by Margaret Atwood
When I was fifteen, I dropped out of high school. I did it for a number of reasons; high school sucks, everyone knows that. But the biggest reason, the crucible factor, was methamphetamine. I had begun to hang around The Ex, who had used his characteristic mixture of charm, threat, and manipulation to get me to try meth.
Meth wasn’t my favorite drug in terms of effects, but let me tell you: the comedown is harsh. I mean, once that drug leaves your system for the first time, you feel like you’ve been thrown into a garbage truck and run through the masher. I don’t know what the “normal” response is to that feeling, but the addict-mentality response is to take more of the drug. Which is what I did, and I became hooked. I’d get clean within two years; like I said, it wasn’t really my thing. But it did cause me to drop out of high school.
As a result, my basic scientific knowledge is lacking. Of course, I took the requisite science class in college, but my lab science was a study abroad in Costa Rica where I basically counted twigs while sunbathing and flirting with the Ticos. My MFA had no science requirements. I’m a smart person, but fundamentally uneducated on certain topics. So, when I hear about the marvels and dangers of genetic engineering, I’m kind of in the dark. I get it, I get the basic concept, but not the details. I certainly could not have written this weeks’ choice book, Oryx and Crake by Margaret Atwood.
Book of the Weeks 5/22-6/4/2017: “Oryx and Crake”
I am always jealous and impressed of writers who are able to write incredibly well about complex sciences. Margaret Atwood does just that in Oryx and Crake. If you’re into speculative fiction, or even if you’re not, you have probably heard of Margaret Atwood. She is famous for writing dystopias about futures that feel pretty near and familiar to our own, except maybe one lateral jump over on the dimensional line.
Oryx and Crake explores one possible future embedded in our current genetic engineering craze. Genetic engineering has its uses, I’m not saying it doesn’t, but it also has its dangers. Oryx and Crake explores a world obsessed with the virtues of genetic engineering, and unchecked by its dangers.
Of course, in the world of this book, the dangers are present everywhere. Those lucky enough to live within production compounds are-usually-shielded from the biological terrorism rampant in the “pleebands,” the outside world. Until nobody is safe.
Oryx and Crake is a memory narrative. It weaves between the present day reality, in which Snowman is possibly the last homo sapien sapien alive on Earth, and also the de facto caretaker for a new designer race of intelligent humanoids called the Crakers; then back into the world before. The world of engineering Compounds, disease-riddled pleebands; the world of sex, intrigue, and Snowman’s friendship with the genius who despised it all.
In its most basic sense, Oryx and Crake is a mad genius story about a man intent upon destroying and re-building the world in his own design. But it also explores the complexities of the human mind and heart. We see Snowman, in the aftermath of his best friend’s terrorism enacted, tilting from extreme loneliness and heatbreak into outright psychosis. He shows signs of PTSD, and while I don’t want to brand this book a “trauma narrative,” there are certainly elements of one woven throughout. Besides the heartrending violence Snowman witnesses and commits, and the haunting psychosis which results, we also see glimpses of the story of a woman who escaped child sex trafficking.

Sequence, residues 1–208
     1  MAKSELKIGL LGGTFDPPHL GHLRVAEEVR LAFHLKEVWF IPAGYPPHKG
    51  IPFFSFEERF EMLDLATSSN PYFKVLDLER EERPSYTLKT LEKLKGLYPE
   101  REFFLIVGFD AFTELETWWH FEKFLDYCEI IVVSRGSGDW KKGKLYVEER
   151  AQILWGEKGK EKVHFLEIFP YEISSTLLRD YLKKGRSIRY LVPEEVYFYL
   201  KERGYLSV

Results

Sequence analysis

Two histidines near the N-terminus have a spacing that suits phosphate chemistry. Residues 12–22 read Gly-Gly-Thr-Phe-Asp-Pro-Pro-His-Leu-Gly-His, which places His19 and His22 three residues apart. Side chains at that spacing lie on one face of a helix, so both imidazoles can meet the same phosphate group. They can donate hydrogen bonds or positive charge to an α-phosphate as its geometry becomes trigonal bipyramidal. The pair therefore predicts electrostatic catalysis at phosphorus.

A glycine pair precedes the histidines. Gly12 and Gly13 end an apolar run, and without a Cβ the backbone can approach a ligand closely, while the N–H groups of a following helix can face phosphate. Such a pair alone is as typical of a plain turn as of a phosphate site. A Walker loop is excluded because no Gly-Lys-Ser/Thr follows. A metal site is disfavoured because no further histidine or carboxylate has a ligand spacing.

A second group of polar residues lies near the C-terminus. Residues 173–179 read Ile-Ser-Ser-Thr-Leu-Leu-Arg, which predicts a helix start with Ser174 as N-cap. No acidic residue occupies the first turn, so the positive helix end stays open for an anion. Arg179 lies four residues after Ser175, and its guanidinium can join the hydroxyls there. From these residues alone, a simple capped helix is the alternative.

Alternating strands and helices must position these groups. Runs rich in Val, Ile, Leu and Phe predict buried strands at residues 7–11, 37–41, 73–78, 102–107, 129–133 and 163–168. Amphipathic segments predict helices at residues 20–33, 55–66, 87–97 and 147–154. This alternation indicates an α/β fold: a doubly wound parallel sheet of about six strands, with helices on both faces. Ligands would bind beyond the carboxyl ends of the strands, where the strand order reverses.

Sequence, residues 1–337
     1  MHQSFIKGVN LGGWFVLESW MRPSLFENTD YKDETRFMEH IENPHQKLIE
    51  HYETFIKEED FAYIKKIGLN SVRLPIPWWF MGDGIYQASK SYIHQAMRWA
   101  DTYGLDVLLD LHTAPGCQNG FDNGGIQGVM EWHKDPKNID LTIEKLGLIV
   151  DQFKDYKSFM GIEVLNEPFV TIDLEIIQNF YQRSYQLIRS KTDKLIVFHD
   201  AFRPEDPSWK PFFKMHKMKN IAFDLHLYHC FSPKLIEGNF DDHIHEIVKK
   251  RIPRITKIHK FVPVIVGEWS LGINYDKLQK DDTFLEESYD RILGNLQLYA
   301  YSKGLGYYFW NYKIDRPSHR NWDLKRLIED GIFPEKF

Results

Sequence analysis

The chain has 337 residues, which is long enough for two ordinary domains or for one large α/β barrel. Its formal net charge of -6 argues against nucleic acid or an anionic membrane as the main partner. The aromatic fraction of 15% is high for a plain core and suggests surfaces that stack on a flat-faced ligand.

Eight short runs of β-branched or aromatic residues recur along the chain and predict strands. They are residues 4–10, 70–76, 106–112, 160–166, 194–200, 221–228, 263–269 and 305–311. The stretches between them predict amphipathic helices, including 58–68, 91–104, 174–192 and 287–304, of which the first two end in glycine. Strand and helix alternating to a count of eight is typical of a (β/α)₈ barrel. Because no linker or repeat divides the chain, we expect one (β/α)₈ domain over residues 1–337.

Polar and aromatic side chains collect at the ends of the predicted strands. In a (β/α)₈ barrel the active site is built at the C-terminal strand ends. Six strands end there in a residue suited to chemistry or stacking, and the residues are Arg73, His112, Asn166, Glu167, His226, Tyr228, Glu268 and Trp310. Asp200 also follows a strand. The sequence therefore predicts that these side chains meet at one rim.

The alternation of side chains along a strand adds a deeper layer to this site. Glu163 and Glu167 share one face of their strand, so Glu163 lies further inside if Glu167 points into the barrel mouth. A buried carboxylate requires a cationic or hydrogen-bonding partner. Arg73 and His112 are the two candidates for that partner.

Oryx is dead in the present of the book. We learn as much almost from the start of the story, so this is hardly a spoiler, but she was Snowman’s lover, and the woman he claimed as the love of his life. This love is marred, though Snowman seems incapable of seeing it, by Snowman’s savior complex, which becomes mutated in the present day of the narrative. It is also an uncomfortable, obsessive love, borne initially from a voyeuristic snapshot of child pornography that Snowman watched when he was just a boy himself.
We never get insight into Oryx’s inner world. She is always only something viewed on the outside; something idolated. So we are able to see objectification in play. As readers we see the trajectory of abuse and grooming, and how this becomes perpetuated even by those who truly believe they love her. We never see Oryx’s anger, though Snowman intentionally pries for it; we never learn what really happened to her, or how she felt about it. Her character is always only viewed.
The book is at once entertaining and rife with intrigue, the way a work of fiction should be, while also serving as a uniquely creative exploration of human consciousness. What human features are innate to our DNA? What can be bred? What can be spliced and altered beyond recognition? What happens when evolution takes place out of turn, and how does it affect those of the last species left behind to watch it?
This book is the first in the MaddAddam trilogy. I am excited and interested to learn how the clifhanger ending develops. I’m sure the rest of the books will make their appearances here sometime.
I recommend Orxy and Crake to anyone who likes dystopias, or anyone who is intrigued by stories that depict trauma in new and compelling ways. This is a unique exploration of both the dystopia and trauma genres.
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